Olivia Rodrigo, you’ve created a masterpiece.
There are simply not enough ways I can describe how much I absolutely love this album. I find myself screaming the lyrics to every single track — not a single skip to be found. “SOUR” has brought back all of my teen angst in the best possible way.
The album’s three lead singles, “drivers license,” “deja vu” and “good 4 u,” have all been smashing successes in the weeks and months leading up to the full release, and rightfully so. “good 4 u” is my new go-to shower song. But because these songs have been around a little longer, I’m going to focus on the eight new songs that round out the album.
The opening track, “brutal” is exactly that. Knocks it out of the park. I could write an essay on the first verse alone —
“I’m so insecure I think / That I’ll die before I drink /And I’m so caught up in the news / Of who likes me and who hates you / And I’m so tired that I might / Quit my job, start a new life / And they’d all be so disappointed / ‘Cause who am I, if not exploited? / And I’m so sick of seventeen / Where’s my f*cking teenage dream? / If someone tells me one more time / ‘Enjoy your youth,’ I’m gonna cry / And I don’t stick up for myself / I’m anxious and nothing can help / And I wish I’d done this before / And I wish people liked me more.”
— but the whole thing hits so close to home. It also has a super fun sound. Think “Misery Business” meets the entire “Speak Now” album meets the Notes app diary I kept on my iPod in eighth grade. “jealousy, jealousy” is another teen angst anthem —
“Com-comparison is killin’ me slowly / I think I think too much / ‘Bout kids who don’t know me / I’m so sick of myself / I’d rather be, rather be / Anyone, anyone else.”
— honestly, I still relate to this one now.
“traitor,” the second track, brought me back to a high school crush that I was way too into (and am LONG over). “enough for you” broke my heart. If you’ve ever felt like you’re, well, not enough for someone, this will shatter you, but, like, in a good way. “enough for you,” along with “favorite crime,” makes me want to give her a hug and tell her everything will be okay.
Two of my favorites are “1 step forward, 3 steps back,” which interpolates Taylor Swift’s “New Year’s Day,” and “happier,” a heart-wrenching ballad about an ex moving on with someone new. I loved that Rodrigo, a self-proclaimed Swiftie, was able to take the piano melody from a Swift song and write an entirely new song based off of it — and she was able to do it without giving any royalties to Scooter Braun, who currently owns the master recordings of six of Swift’s albums.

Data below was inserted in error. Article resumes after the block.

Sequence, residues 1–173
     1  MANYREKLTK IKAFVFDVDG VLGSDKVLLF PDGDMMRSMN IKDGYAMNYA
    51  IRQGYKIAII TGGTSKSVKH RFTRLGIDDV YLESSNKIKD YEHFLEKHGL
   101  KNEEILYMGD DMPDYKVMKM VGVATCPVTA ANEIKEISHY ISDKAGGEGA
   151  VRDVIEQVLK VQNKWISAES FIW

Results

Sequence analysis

Out of all of these, though, it was the last song on the album, “hope ur ok,” that left me ugly-crying on my couch at 1 a.m. Rodrigo sings to two long-lost friends of hers, both of whom were living in unfortunate environments — a boy she knew as a kid whose sexuality wasn’t accepted by his parents, and a girl she knew in middle school who was raising her brothers on her own. Here are some of the lyrics:
“Don’t know if I’ll see you again someday / But if you’re out there, I hope that you’re okay.”
“We don’t talk much, but I just gotta say / I miss you and I hope that you’re okay.”
“Well, I hope you know how proud I am you were created / With the courage to unlearn all of their hatred / But, God, I hope that you’re happier today / ‘Cause I love you / And I hope that you’re okay.”
It wasn’t just the stories about her friends that put me in my bag while listening to this song. Over the last two years I have spent a lot of time in mental health treatment programs, where I have met some of the kindest, most wonderful people I’ve ever known. As is typical after leaving most treatment programs, I’m not allowed to keep in touch with the other patients I’ve met. I know that I’ll never see these people again, but I think of them every day. “hope ur ok” took all of the love and hope I hold in my heart for these people and put it into a song.
Overall, “SOUR” is a 10/10 for me. If I could change anything, I’d only make it longer (the 11-track album clocks in at about 35 minutes). As I said before, there’s not one skip on this album. It’s wonderful to see a teenage girl express all of her feelings — the good, the bad and the ugly — and be supported for it, as opposed to being made fun of (like Swift or Avril Lavigne). If you haven’t listened yet, do yourself a favor and stream it right now. After this stunning debut, I can’t wait to see Rodrigo’s career continue to grow.